AL-MUKALLA: The UN thanked Saudi Arabia on Sunday for donating $10 million to efforts to maintain the decaying Safer oil tanker in Yemen, as the country’s officials and analysts called for more aggressive pressure on the Iran-backed Houthis to facilitate the arrival of UN teams to the vessel.
The UN plan aims to defuse a potential major environmental catastrophe in the Red Sea if the tanker explodes or leaks. Russell Geekie, communication officer for David Gressly, the UN Humanitarian Coordinator, told Arab News that the Saudi donation reduces the funding gap, but that further funds are needed from donors to help the UN implement its plan.
“We thank all donors that have pledged or contributed and very much welcome the announcements by the Kingdom today and the US last week. This reduces the funding gap, but a gap remains. We still urgently need funds to start the emergency operation before it is too late,” Geekie said.
Carrying more than 1.1 million barrels of oil, the 45-year-old Safer oil tanker has been left abandoned off Yemen’s western province of Hodeidah since 2015, when international engineers fled the country after the Houthis seized control of Hodeidah during their military expansion across the country.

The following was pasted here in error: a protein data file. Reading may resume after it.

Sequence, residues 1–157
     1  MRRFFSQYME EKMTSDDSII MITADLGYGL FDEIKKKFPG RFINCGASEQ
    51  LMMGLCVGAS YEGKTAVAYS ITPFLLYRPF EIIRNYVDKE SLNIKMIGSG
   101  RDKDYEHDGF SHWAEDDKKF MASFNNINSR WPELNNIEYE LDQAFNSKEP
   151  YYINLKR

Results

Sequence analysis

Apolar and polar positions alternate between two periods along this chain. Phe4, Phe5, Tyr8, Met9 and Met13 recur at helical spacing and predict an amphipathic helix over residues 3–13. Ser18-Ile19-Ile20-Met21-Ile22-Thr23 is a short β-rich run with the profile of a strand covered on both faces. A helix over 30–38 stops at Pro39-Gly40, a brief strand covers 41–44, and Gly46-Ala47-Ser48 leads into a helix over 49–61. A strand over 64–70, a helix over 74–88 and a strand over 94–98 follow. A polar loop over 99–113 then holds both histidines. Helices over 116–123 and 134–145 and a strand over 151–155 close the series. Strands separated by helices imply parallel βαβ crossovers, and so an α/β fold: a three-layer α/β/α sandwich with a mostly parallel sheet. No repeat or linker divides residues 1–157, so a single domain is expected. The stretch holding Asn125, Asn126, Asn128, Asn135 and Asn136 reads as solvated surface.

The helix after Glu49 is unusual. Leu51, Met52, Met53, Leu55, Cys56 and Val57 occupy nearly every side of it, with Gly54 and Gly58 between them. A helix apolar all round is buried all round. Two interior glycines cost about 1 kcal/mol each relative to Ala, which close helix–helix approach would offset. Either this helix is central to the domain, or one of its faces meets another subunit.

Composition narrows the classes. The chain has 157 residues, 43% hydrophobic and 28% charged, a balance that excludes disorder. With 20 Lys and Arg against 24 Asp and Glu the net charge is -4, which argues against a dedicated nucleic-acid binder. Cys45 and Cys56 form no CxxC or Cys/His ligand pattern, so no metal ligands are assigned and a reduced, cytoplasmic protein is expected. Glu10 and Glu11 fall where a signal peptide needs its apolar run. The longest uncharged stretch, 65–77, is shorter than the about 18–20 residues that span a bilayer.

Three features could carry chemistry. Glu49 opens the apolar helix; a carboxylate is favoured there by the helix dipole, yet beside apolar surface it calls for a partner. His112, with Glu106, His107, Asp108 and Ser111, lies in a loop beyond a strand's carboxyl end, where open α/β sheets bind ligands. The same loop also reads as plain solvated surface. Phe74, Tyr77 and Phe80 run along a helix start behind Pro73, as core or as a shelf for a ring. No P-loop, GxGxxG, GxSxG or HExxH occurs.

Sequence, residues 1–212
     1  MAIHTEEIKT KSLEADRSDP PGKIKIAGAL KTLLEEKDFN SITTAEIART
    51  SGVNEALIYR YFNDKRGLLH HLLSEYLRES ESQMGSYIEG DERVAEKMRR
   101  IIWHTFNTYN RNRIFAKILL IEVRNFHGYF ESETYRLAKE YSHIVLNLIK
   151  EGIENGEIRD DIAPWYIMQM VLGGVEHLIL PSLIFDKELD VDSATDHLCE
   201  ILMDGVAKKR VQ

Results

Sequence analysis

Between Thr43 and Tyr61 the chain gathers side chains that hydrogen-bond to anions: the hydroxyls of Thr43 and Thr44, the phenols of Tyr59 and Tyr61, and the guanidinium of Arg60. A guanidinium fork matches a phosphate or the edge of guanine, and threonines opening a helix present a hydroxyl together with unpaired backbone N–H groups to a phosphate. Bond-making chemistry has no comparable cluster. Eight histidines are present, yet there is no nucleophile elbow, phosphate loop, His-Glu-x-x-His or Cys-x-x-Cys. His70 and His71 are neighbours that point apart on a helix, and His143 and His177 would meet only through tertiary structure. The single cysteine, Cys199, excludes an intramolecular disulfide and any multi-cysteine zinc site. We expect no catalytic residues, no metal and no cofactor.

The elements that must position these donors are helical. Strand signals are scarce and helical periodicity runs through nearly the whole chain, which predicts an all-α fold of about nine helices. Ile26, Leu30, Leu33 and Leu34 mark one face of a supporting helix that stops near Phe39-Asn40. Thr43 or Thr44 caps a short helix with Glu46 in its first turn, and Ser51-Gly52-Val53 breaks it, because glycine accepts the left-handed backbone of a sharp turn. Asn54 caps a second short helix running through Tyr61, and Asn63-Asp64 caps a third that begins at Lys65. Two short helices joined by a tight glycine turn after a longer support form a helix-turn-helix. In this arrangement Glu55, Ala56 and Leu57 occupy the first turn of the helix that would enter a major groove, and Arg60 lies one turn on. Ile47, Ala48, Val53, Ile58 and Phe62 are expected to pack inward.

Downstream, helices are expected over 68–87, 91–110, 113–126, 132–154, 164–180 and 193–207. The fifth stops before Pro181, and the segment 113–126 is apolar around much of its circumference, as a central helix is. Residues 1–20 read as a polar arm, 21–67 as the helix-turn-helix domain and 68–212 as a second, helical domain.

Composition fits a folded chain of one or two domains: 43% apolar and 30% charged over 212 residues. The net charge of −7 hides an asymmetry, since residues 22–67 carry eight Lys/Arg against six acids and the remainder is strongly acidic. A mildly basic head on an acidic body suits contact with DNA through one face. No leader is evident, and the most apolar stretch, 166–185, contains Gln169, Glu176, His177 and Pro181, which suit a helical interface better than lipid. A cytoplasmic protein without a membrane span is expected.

Confirmed reports of rust damaging parts of the tanker have sparked local and international warnings of a potential major ecological disaster in the Red Sea.
Last week, Greenpeace sent an appeal to the Arab League to join international efforts to raise funds to maintain the tanker and prevent a disaster in the Red Sea that could impact war-torn Yemen and neighboring countries.
“We trust that the (Arab League) is capable of playing this role and expediting the solution. If disaster strikes, its harsh consequences will affect us all, along with millions of people living in the region who will see their livelihoods, nutrition, health and environment deteriorate,” Ghiwa Nakat, executive director at Greenpeace for the Middle East and North Africa, said on Twitter.
The Yemeni government has repeatedly accused the Houthis of using the rusting tanker as a bargaining chip to extract concessions from the international community, the Arab coalition and their opponents in Yemen.
The Houthis previously refused to allow international experts to board the ship to assess damage, and demanded that they receive profits from sale of the tanker’s cargo, as well as a replacement tanker.
Nabil bin Aifan, maritime safety researcher from Yemen’s Mukalla and a Ph.D. candidate at the Arab Academy for Science Technology and Maritime Transport in Egypt, told Arab News that activities on the ground to rescue the tanker were lacking despite the predicted devastating environmental impact of a leak or explosion.
“Despite that the disaster is imminent and the international community is aware of that, simplest emergency safety measures have not been applied to the ship,” bin Aifan said. “This shows that the international community is weak. It should have mounted more pressure for maintaining the ship a long time ago.”